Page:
Week 2 was a rough one for injuries especially if you were an offensive player for the Philadelphia Eagles. Not only did Carson Wentz have to leave the game for a bit, most of his top targets were knocked out early. Two players specifically went down with calf injuries, Dallas Goedert in warmups and Alshon Jeffery early in the game. Calf strains are a common injury in sports, but can have varying recovery times. Let’s look into more detail…

football blog week 2 calf injury photoMuscle strains in general are common in sports requiring explosive movements, such as football. These movements require a great deal of force transferred through the muscle and if the muscle is not strong enough to handle the force, it can be strained. The calf, along with the hamstring and quad, are muscles commonly injured in this way because they cross 2 joints. The calf, specifically the gastrocnemius, crosses the ankle and the knee. As the knee bends, such as in sprinting, the calf is unable to produce maximal force and is more vulnerable to injury.

There are 3 grades of calf strains based on the severity of the injury. A grade 1 is the least severe with very few muscle fibers involved. Returning to activity usually is possible between 10-12 days depending on the sport and overall healing. A grade 2 calf strain involves a greater degree of muscle fibers and can take up to 3 weeks to recover. A grade 3 injury is a complete tear of the muscle and requires 6 months of healing time following surgery.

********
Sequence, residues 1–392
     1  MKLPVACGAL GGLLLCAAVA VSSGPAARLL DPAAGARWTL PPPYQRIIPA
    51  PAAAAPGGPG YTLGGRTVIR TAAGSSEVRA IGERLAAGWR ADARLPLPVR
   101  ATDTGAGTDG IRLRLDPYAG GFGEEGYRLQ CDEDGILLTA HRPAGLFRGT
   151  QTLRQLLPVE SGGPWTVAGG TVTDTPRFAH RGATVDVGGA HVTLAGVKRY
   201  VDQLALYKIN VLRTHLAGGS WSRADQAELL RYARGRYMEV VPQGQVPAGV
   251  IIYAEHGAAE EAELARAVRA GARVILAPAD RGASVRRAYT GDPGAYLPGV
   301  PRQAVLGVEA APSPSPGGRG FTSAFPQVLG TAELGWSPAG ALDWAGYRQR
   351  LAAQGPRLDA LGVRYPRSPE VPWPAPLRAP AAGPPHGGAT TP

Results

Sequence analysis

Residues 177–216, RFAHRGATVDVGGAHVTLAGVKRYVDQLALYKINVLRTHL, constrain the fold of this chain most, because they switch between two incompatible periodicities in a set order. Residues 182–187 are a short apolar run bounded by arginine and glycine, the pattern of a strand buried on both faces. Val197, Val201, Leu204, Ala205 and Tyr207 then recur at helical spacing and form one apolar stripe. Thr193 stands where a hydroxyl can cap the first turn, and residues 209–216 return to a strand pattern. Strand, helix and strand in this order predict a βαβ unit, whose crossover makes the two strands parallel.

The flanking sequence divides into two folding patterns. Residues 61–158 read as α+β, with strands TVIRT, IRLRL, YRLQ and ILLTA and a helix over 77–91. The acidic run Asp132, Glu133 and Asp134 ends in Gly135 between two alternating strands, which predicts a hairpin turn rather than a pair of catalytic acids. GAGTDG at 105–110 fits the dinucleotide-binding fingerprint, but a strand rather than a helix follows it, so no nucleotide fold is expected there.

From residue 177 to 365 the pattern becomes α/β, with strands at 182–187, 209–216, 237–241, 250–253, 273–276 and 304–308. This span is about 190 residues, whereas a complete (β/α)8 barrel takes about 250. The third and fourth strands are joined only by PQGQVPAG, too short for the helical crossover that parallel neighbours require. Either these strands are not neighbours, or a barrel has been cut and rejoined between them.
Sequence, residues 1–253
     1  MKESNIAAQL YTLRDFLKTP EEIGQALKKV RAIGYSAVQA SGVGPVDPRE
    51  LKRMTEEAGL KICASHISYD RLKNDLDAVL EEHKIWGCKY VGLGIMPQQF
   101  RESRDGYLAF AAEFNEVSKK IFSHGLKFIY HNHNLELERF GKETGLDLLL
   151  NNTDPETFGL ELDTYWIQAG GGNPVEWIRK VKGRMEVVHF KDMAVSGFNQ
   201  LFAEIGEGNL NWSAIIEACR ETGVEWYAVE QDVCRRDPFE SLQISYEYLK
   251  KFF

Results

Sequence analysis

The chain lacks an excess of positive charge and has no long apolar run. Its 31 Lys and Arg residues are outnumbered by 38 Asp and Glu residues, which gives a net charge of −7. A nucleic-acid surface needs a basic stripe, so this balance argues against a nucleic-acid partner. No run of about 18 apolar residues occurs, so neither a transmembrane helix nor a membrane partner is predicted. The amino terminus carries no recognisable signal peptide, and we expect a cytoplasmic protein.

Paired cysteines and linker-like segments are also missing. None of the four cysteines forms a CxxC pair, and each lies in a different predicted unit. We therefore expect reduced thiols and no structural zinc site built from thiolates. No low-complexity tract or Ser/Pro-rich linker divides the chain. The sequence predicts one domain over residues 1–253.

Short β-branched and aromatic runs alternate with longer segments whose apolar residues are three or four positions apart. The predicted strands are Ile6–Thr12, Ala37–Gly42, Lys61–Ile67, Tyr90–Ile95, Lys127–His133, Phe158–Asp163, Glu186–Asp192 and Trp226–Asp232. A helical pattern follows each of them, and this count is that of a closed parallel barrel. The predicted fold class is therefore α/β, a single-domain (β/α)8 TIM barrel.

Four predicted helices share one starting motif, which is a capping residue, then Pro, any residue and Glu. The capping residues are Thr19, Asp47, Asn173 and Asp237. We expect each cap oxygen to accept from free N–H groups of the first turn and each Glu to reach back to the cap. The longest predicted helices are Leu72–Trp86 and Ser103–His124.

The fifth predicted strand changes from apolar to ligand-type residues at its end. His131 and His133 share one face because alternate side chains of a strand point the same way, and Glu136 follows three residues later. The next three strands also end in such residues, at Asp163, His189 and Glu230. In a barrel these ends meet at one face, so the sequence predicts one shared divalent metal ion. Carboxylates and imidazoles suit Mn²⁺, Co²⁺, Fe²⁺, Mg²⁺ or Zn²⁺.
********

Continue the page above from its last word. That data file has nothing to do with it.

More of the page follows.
Proper recovery is important to prevent further injury as the risk of recurrence is high. Dallas Goedert is proof of this – his calf strain this week was actually a re-injury he suffered in preseason. Fans of the NBA also know how important this can be after seeing Kevin Durant go down with a torn achilles, the same game he returned from a calf injury. Not to say the calf injury specifically led to the achilles tear, but if the calf muscle is not fully healed, it will put added stress on the tendon.

The first step of the recovery is to rest the muscle and remove any unnecessary stress which could include crutches, depending on the extent of the injury. Once pain-free motion through the ankle has been achieved, the athlete can begin strengthening the muscle. This is a crucial stage because the calf muscle requires power to push off, but it also needs to support the weight of the body to control the descent when jumping and slowing down from a sprint. There are many steps to complete before returning to sports activities so it is important to work with an expert to ensure full recovery.

At this time we don’t yet know the extent of the injuries to Jeffery and Goedert, but hopefully we can see them suit up and be back to action in the next several weeks.